U.S. Redemptorist Fr. Joseph Tobin to Lead Congregation for the Clergy, Become Archbishop
with friends and they say, 'How are things at the Vatican?' and I say, 'I don't know. I don't work there'.
"Our general house is on the other side of the river so I'll have to learn some of the ins and outs and then the priorities."
Would he say the Vatican is sometimes disconnected from the Church or does it just seem like that sometimes? "I think it can seem very disconnected, especially from particular churches," Fr Tobin says carefully. "I think those who work in the Vatican have to be aware of that."
He describes spending half the year on the road during his time as superior-general of the Redemptorists, living with his brothers and the people they serve around the world and draws a parallel. There needs to be more communication between the Vatican and the local churches.
"But my hope is that the Vatican's relationship with the local churches can be a sort of creative tension. I think life without tension would be very boring and useless.We can't walk, we can't talk, we can't sing without tension. You need to have tension in your vocal chords and your back, let alone a guitar. However, tension can be destructive. The challenge is to recognise the diversity of gifts and the plurality of churches and the one spirit that unites us. And I think that is the adventure of a lifetime."
Does the Roman Curia need to change its culture and become more transparent and sensitive?
"On the one hand it is the oldest bureaucracy in the world," he says. "People love to say that. On the other hand, that bureaucracy, as one of our historians pointed out to me when I was ranting about the Curia: 'Don't forget, it guided the Church through a couple of world wars and great depressions and times when the Pope had died or was kidnapped by Napoleon.' In that sense it has provided a service, but I think it has to be humble and make sure it is service and not simply bureaucracy."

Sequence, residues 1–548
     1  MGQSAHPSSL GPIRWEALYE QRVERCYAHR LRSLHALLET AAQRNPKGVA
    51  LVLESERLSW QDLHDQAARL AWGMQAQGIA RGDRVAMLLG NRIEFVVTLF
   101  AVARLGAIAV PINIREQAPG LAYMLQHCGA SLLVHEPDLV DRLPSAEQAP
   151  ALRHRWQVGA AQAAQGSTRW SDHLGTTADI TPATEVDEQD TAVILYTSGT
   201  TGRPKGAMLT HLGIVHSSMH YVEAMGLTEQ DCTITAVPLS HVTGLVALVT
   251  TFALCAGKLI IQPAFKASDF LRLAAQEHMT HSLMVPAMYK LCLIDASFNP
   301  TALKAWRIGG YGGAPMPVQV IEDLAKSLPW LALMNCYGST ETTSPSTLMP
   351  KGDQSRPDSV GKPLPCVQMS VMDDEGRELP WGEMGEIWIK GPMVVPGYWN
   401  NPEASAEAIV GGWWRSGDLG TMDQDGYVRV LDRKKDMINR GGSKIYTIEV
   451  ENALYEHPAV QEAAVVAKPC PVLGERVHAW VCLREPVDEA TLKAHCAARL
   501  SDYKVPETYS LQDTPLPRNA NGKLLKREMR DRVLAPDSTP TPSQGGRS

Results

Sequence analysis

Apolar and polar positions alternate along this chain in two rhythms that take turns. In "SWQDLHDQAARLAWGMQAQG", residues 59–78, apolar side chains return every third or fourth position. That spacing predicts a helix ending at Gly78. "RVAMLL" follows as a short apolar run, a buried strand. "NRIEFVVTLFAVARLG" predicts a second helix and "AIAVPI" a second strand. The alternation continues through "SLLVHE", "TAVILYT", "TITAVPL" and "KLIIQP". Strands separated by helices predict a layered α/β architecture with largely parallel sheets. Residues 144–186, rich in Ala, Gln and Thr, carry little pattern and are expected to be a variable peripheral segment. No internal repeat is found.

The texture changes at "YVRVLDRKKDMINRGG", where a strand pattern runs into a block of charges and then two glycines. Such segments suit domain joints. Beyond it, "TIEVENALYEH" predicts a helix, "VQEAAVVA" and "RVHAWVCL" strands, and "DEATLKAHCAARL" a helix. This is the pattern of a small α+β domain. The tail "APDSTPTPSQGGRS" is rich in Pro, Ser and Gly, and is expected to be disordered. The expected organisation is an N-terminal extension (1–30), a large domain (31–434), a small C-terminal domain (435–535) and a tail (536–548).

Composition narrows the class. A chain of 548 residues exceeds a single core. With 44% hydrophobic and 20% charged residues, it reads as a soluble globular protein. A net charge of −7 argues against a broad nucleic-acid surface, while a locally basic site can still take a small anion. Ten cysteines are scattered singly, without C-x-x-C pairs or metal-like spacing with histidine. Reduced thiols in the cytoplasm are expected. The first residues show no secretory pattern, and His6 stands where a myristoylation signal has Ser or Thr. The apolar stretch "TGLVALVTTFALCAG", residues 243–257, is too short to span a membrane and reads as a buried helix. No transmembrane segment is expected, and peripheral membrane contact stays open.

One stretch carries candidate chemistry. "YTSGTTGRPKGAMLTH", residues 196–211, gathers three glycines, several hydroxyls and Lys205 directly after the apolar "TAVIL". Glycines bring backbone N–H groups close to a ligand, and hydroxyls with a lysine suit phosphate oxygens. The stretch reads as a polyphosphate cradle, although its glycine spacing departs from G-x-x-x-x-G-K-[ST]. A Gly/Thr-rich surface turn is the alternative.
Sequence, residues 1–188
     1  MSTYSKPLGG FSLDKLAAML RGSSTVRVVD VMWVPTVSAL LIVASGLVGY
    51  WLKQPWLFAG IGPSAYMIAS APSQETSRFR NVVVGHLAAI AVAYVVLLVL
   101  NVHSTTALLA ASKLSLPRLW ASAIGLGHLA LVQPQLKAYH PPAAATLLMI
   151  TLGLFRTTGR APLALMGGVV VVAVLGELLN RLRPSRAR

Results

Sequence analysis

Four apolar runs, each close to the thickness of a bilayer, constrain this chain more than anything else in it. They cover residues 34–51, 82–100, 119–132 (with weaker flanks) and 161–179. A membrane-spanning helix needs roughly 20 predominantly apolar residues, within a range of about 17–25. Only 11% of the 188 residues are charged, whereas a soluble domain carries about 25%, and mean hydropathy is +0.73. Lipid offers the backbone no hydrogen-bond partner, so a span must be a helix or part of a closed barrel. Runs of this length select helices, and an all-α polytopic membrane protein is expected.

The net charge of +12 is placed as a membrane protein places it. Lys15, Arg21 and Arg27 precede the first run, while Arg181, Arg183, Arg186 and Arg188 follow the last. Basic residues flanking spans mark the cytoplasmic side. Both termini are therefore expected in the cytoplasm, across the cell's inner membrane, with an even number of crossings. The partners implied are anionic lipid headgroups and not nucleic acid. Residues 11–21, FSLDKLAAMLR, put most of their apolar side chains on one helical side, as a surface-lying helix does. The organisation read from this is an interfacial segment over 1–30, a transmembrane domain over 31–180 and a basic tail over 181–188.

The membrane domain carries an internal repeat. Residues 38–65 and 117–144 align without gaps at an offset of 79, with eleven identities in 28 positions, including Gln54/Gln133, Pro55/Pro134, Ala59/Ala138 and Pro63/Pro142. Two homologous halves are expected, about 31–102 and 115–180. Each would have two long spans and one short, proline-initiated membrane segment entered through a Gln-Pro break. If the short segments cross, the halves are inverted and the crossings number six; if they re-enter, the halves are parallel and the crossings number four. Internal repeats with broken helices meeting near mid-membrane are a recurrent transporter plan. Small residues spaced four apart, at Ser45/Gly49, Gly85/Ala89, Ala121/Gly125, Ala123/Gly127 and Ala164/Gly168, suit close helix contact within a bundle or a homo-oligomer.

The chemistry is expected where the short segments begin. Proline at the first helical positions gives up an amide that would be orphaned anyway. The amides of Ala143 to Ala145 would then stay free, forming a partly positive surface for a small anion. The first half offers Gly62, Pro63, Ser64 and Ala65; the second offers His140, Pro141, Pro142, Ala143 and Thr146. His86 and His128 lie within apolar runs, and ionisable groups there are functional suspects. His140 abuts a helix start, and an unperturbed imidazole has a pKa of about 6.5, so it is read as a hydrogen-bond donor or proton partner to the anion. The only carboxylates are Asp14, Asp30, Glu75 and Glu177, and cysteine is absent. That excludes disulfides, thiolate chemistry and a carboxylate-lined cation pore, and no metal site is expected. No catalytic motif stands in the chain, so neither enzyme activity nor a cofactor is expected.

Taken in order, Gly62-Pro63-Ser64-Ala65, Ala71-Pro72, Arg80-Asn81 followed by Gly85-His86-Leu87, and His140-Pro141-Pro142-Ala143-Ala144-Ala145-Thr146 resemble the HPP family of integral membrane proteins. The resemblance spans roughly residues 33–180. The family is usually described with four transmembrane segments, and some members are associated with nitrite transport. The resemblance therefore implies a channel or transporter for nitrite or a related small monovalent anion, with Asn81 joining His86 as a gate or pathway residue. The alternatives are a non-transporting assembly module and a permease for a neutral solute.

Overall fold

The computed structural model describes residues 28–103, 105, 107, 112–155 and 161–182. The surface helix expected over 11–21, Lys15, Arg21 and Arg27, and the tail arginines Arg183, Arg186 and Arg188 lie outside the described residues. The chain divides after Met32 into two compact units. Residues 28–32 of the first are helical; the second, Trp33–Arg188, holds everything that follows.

Fr Tobin has spent the last eight months taking a well-deserved break attached to Blackfriars Hall, Oxford, and staying with the De La Salle Brothers. He pursued his interest in the rise of secularisation and secular culture, attending seminars by the sociologist of religion and anthropologist Peter Clarke, studying at the Las Casas Institute and taking classes at Blackfriars.
He is sad to miss the Pope's visit to Britain. He was hoping for a seat on the Blackfriars/Oxford Oratory bus. He says it would have been interesting to observe the visit given the climate in Britain at the moment. Part of his reason for being in Oxford is his realisation that he had never experienced European expressions of secularised culture.
As he will be running the day-to-day business of religious oders and apostolic institutes, does he think that religious and consecrated life will play a more crucial role in the changing Church?
"I think that religious life does have a place to play," he says. "And interestingly enough, if you look at the official statements of the Church there has been a change or at least a development from the Vatican Council which saw religious life as essential for the holiness of the Church. I think it was Vita Consecrata, John Paul's statement on religious life. He said it's essential for the Church, so it wasn't simply a qualified 'for the holiness of the Church'.
"Having said that, I really believe, if you want a caricature, that the future of the Church is lay: in terms of sheer numbers, appreciation of the gift of baptism and the common priesthood of the faithful. These make that a real possibility.
"However, I think that the Church would be poorer without this form of life as an alternative way to follow Christ."
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